Being a stud is partly about the way a woman dresses and her mannerisms, Rivera says. “You take on a role. But we’re not all the same. Being a butch or a stud, being hard or soft or whatever — it’s just what makes you comfortable,” she adds.

Paris agrees: “I am a soft butch. That’s just the way I am. Underlying that is who I date. I like feminine women. And in a relationship, I am the more dominant one. But I don’t have to make a big deal of it.

“I am the same with everyone — family, friends, people I know, people I don’t know. I am the same; I am myself,” Paris continues. “When you see those women who are always trying to prove what studs they are, that’s because they have low self esteem. They make it more of an issue because they are trying to prove something, to themselves or to other people. Me, I don’t care. I am who I am.”

And that, says Strong, is at the core of the issue: Self-esteem and confidence and a sense of self that doesn’t rely on labels or clothes or mannerisms.

“You have to be comfortable with yourself. You have to be confident in yourself,” Strong says. “We [as masculine of center] women are so diverse. Everything that women are and do, we are and we do. My best friend is a stud, but she has a son, so she’s playing all the roles.

“The fact is, I dress the way I dress because it’s comfortable for me. You like who you like, and I like very feminine women. I am courting a woman right now and she is totally femme,” Strong adds. “This is who I am. I am not playing a role. This is just natural for me. We may be butch or studs or whatever word you want to use, but at the end of the day, we take off our clothes, and we’re still women. A lot of people forget that.”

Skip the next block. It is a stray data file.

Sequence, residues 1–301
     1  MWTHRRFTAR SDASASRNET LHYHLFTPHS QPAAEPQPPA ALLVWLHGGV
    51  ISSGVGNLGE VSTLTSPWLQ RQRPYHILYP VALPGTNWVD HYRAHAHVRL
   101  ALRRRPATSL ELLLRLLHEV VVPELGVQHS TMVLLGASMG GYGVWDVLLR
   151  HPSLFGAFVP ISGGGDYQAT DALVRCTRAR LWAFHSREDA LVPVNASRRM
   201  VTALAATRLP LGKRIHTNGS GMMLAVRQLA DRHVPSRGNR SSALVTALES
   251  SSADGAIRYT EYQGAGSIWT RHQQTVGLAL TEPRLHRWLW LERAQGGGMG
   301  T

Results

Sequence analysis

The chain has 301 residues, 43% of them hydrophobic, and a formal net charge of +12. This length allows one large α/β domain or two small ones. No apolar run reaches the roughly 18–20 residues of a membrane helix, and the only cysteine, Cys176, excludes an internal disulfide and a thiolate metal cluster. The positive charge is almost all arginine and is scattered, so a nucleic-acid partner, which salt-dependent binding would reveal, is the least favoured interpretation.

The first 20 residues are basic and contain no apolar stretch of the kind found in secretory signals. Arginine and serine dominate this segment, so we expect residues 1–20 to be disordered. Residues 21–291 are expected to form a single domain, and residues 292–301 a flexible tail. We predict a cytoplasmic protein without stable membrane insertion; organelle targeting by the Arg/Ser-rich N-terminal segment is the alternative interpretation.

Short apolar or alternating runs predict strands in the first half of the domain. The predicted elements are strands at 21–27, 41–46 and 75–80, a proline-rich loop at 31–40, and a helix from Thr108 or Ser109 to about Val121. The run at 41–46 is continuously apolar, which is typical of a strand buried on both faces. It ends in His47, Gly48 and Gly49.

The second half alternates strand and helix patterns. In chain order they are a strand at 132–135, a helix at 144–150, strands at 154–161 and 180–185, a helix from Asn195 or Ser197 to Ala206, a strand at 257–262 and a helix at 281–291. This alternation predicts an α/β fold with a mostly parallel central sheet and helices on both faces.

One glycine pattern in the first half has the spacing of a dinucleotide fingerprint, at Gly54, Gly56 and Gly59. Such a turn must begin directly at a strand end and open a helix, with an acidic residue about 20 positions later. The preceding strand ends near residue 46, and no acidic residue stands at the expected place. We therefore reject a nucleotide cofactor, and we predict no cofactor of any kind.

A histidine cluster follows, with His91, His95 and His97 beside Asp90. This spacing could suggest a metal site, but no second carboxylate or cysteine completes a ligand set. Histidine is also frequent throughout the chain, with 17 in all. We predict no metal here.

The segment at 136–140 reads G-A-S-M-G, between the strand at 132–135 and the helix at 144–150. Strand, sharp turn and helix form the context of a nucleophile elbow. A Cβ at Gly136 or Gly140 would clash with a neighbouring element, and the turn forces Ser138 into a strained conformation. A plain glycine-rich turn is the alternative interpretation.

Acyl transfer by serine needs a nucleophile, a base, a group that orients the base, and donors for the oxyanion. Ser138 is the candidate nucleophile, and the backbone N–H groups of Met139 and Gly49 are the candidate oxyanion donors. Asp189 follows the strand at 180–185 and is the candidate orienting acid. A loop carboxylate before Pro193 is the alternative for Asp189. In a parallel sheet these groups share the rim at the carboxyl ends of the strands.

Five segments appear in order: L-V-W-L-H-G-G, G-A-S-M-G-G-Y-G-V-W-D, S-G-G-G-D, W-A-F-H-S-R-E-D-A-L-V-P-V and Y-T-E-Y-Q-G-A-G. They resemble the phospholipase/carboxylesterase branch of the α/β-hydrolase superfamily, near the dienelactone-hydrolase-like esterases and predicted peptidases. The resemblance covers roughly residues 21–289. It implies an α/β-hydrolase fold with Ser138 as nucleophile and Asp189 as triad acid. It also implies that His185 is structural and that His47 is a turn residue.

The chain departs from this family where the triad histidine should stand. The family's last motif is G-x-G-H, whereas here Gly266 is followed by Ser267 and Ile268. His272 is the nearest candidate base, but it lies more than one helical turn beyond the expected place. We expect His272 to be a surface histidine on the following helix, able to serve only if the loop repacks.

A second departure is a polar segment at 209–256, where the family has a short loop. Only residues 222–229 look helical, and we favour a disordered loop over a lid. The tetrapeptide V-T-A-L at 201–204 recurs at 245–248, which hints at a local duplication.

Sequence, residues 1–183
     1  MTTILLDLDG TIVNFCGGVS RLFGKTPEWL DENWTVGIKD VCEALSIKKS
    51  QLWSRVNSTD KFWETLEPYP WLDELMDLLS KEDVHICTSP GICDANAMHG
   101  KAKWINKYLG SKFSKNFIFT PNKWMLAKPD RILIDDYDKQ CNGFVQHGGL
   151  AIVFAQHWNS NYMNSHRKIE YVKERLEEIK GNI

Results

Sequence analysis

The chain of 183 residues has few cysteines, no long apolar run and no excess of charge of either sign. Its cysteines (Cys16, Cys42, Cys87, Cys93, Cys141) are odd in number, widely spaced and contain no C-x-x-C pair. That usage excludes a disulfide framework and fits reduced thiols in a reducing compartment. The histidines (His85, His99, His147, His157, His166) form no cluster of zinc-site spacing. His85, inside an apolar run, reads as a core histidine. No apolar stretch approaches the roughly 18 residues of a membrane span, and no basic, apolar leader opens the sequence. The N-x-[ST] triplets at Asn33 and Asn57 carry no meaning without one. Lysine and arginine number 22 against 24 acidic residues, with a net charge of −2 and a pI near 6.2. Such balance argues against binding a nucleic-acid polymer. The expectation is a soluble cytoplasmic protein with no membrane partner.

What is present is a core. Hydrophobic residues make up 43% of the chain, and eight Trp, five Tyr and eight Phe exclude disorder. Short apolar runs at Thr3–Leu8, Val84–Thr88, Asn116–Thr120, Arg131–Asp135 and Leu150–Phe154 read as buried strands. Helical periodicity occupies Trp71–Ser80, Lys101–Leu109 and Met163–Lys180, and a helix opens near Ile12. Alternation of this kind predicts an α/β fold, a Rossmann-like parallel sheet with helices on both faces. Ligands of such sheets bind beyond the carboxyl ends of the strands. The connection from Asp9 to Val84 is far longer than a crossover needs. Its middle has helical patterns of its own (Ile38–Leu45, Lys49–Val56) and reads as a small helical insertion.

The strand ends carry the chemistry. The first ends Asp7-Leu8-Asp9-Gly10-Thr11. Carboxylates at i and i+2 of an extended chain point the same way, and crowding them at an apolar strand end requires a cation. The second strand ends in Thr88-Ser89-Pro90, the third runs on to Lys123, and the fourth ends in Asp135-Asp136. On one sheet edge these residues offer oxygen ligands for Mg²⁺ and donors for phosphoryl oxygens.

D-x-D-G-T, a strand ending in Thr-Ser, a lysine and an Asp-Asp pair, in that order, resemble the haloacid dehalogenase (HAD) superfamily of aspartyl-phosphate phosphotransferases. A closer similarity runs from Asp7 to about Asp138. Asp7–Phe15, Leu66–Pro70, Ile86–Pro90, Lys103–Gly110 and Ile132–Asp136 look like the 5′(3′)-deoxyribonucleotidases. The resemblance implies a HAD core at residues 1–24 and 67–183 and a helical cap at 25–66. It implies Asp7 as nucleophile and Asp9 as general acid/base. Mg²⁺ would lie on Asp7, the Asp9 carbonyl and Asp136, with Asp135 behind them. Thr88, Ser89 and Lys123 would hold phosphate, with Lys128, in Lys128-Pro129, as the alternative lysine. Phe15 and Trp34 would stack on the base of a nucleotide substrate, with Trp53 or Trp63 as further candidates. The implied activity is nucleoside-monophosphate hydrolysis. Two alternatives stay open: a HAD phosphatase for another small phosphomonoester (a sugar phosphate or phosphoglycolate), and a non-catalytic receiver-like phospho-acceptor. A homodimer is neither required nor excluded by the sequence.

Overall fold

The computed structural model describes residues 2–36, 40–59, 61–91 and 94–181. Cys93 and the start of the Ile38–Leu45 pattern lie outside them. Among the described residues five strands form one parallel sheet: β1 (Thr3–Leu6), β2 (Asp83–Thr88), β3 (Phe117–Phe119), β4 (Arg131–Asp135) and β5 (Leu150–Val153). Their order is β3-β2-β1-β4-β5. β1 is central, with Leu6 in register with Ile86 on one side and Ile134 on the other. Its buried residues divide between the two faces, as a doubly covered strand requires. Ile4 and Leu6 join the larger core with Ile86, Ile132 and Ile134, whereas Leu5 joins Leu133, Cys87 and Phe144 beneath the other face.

This article appeared in the Dallas Voice print edition March 4, 2011.

—  John Wright

A Texas-sized legislative closet

As another legislative session gets under way in Austin, GayPolitics.com reports today that Texas is now one of only 18 states with no openly LGBT state lawmakers. California and Maryland are tied for the most openly LGBT lawmakers, with seven each. Four states have no openly LGBT elected officials at any level of government — Alaska, Kansas, Mississippi and South Dakota.

Texas has had only one openly LGBT state lawmaker in its history — Democratic Rep. Glen Maxey of Austin, who served from 1991 until 2003.

Of course, with 150 people in the House and 31 in the Senate, it’s all but certain that a few Texas lawmakers are LGBT.

The reason we have no seat at the table is that the chairs are all stacked in the closet.

Anyone wanna help us get them out?

—  John Wright

Laura Bush: It wasn’t my role to defend the gays

Laura Bush

Former first lady Laura Bush, who recently said she supports equality for same-sex couples, tells The Texas Tribune she didn’t speak out publicly about the issue while her husband was in office because she was not the elected official and it wasn’t her responsibility. In her recent book, Laura Bush said she asked George not to make gay marriage “a significant issue” and that she “could never have imagined what path this issue would take and where it would lead.” In the interview with the Tribune, she responds to criticism that she didn’t speak up publicly about the matter: